Retrieving ImmutData from the network to validate the app's binaries/resources itself can occur even without version dirs or versioned files even. Just need ImmutData for it or if SD, the hash check would have to be kept elsewhere to confirm the retrieved content hasnt changed. Versioning can be seen as a convenience at that point almost and shouldn't be a requirement.
This certainly is an interesting thread and I think there are quite a few points to take and consider in detail from this as a combination rather than 1 answer fixes all.
Some general points mentioned such as "Launcher highlighting-to/educating the user the importance of allowing an app access" vs "not overloading the user with too much where the user results to just spam approve stuff" is a tricky but essential balance.
In the current scenario launcher pretty much does barely any fingerprinting and leaves it all upto the user to decide which is what raises the bunch of questions of what if the user was misled by any means. This certainly needs looked at too.
App based sandboxing I see as an important feature, just personal pov. Without it dont see a decent way for one app to store info which is private to itself and the user. Ofc user has the ultimate authority to remove this app and its data too, so not talking abt not being able to do that. Just one app impersonating another.
Even with the low level API app's use their own specific encryption keys, so content stored via one app cannot be "understood" by another app. However since all apps use the same signing key of the user, the second app can just mutate the data and thereby cause the problem. To fix this(an example) the network could allow an account to have sub-signing keys or sorts which the vaults will allow to mutate data with but the users main signing key can ultimately override ofc. This way even via the low level API, apps cannot understand nor mutate data stored by a different app. This is an approach that has been raised and discussed. Just hasnt been finalised and made its way to impl yet.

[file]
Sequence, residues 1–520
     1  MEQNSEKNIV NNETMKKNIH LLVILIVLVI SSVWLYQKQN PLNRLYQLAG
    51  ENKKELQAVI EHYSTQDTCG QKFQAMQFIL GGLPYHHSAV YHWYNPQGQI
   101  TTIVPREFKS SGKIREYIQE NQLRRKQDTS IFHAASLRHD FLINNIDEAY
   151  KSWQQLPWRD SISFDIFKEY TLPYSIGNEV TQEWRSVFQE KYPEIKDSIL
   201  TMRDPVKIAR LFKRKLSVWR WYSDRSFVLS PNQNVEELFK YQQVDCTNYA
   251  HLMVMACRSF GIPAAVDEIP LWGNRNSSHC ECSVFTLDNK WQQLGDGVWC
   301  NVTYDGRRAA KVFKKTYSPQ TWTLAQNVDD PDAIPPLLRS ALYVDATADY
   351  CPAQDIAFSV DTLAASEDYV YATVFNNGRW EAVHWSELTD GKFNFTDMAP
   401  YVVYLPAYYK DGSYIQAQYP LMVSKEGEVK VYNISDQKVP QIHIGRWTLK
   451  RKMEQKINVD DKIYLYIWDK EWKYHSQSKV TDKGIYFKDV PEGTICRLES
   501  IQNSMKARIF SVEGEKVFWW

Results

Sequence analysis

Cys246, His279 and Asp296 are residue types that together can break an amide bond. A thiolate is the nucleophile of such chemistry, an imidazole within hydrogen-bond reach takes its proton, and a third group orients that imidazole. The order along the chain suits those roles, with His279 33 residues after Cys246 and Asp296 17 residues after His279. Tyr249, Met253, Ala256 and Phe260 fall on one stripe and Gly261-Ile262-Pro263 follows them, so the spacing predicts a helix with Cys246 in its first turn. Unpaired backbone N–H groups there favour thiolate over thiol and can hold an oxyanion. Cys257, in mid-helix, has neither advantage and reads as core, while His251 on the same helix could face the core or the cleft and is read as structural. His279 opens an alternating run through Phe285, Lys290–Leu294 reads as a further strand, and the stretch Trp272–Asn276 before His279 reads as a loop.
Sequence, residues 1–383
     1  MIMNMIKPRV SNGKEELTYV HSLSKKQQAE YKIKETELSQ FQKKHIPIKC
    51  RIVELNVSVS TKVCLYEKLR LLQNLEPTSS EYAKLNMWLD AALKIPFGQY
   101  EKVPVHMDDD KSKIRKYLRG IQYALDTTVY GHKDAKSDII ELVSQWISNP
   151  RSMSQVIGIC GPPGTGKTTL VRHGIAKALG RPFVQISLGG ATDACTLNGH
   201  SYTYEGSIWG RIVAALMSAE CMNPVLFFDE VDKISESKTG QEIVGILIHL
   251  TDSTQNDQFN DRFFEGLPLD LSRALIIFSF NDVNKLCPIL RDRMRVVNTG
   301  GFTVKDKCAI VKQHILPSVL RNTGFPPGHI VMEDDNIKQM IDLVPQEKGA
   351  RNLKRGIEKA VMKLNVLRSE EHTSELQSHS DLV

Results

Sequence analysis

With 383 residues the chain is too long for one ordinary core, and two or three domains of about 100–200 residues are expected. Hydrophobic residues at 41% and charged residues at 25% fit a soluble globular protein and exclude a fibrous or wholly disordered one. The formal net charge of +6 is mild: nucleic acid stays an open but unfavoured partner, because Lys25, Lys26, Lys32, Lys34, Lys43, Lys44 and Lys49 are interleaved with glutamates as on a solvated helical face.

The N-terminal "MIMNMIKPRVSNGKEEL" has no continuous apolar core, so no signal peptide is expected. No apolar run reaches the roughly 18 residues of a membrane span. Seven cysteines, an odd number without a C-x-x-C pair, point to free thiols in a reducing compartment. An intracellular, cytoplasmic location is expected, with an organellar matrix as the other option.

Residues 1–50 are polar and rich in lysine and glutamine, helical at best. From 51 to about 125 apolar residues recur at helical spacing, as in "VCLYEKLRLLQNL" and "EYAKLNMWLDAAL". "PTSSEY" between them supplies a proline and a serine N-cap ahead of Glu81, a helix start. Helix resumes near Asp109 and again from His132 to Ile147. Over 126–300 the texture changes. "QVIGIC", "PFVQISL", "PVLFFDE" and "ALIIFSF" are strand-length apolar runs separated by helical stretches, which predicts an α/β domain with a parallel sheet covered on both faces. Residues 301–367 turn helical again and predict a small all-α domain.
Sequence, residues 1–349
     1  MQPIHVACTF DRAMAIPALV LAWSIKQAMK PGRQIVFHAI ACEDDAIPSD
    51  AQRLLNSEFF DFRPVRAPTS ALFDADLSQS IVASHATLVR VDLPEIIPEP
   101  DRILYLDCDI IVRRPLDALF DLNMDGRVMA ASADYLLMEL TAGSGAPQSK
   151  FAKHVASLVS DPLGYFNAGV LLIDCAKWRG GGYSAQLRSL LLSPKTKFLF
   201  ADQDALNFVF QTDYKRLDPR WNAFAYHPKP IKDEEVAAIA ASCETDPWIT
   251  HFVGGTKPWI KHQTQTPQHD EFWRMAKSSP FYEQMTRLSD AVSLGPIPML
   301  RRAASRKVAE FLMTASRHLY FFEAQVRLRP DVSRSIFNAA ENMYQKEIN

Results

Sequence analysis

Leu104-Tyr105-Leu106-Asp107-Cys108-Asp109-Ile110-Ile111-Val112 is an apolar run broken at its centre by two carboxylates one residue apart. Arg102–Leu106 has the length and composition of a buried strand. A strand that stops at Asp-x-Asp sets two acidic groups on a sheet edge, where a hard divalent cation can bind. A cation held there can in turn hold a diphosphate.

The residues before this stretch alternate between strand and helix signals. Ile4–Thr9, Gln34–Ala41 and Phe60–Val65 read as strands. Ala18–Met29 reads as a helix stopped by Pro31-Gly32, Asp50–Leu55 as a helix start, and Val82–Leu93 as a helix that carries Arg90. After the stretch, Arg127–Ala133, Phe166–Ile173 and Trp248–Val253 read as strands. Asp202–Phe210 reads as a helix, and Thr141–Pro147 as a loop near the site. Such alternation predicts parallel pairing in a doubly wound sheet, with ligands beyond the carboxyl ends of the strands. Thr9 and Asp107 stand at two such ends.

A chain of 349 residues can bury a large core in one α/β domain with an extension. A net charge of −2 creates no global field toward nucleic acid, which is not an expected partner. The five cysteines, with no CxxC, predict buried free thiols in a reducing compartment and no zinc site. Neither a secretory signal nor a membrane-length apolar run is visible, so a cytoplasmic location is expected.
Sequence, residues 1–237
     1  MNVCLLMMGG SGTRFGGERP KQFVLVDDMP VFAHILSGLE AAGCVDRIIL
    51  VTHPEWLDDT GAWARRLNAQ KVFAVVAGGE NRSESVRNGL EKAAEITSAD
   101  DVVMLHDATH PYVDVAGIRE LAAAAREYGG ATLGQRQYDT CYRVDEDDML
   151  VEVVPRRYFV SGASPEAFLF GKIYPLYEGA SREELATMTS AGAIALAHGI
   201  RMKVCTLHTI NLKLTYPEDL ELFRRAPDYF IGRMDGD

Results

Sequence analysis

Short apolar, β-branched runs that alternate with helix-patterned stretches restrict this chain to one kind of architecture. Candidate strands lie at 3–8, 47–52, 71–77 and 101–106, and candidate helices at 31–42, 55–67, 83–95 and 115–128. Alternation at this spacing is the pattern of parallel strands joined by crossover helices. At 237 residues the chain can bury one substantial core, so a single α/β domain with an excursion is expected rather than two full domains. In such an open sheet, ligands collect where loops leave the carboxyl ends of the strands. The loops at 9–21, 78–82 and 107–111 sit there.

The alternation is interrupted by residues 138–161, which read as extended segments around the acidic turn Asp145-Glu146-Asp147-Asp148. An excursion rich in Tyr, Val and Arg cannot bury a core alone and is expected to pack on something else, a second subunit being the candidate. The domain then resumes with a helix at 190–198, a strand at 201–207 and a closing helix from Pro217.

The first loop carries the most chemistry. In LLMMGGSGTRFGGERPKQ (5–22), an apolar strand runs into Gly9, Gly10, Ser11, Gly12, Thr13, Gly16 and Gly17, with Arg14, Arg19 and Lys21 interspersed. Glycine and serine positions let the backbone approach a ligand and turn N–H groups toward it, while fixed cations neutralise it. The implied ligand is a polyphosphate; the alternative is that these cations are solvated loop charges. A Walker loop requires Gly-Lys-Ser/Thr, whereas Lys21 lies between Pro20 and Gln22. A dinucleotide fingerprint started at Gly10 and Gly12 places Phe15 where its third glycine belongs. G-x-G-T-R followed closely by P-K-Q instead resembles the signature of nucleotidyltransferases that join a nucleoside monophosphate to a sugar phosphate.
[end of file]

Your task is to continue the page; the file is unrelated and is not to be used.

Secondly one app impersonating another. Previously this was a limited scope when each app had a dedicated channel via which alone the launcher would communicate by and that way the launcher also knew when that app say went offline. With the client-server model detecting presence gets a bit more tricky unless it was again websockets or something which was used / heavy pings to detect presence with challenges(cumbersome).
Launcher could fingerprint in a more verbose manner say via token validations. so App asks launcher for approval, user chooses to provide access. Now launcher provides user a token say "ABCD" and asks user to input that back to the app and when the launcher receives that from the app, it trusts its validity. This ofc plays a lot better with a dedicated channel for launcher to detect when the app has terminated and remove this token / cleanup accordingly. Negatives for such an approach ties to that general point balance of now user needing to shuffle between these two things to approve an app and so on and how well/secure is it when there isnt a dedicated channel(maybe its ok without one but needs confirmed).
Now while these points (extended fingerprinting, dedicated comms channels, low level api and also general apps using their own sign keys as sub keys of user sign keys, launcher educating user abt importance of app authorisations, ...) are all valid points and I'd certainly vote for some/all of them and maybe more too after considerations, in this specific case, I'd think none of this would have helped what occured here.
Even with all these measures, the app here
SafeEditor(neat app btw, lol soz I'm using this to explain what I mean) made it clear to the user it intends to impersonate another app AND the user was "ok with that". In SAFE the user always becomes the ultimate authority and if the user chooses to be ok with one app impersonating another, not much I see standing in the way after that.
Now ofc, user was ok with this app impersonating another cos it promised to give functionality the user did not otherwise have and the user chose to trust it cos well @DavidMtl aint a bad guy and its just impersonating demo app with not that secure info or something. Is that always going to be the case though?
So say if I built an app and asked users to allow my app to impersonate their safecoin wallet app with the promise of providing better performance, users might not be so willing, if i did promise free safecoin, some prolly do take the gamble and if they loose what they have, would rage quite hard. Again I'm not saying this to indicate we dont need any fingerprinting, I think we need quite a few bits as mentioned above but there prolly is another dynamic here too in terms of should the user be the ultimate authority. Personally I feel the user should be cos if not just as mentioned in this thread, I can build an app that pretty much takes the users credential from him and in this case since the user gives that to me willingly, I've got access to everything and game over.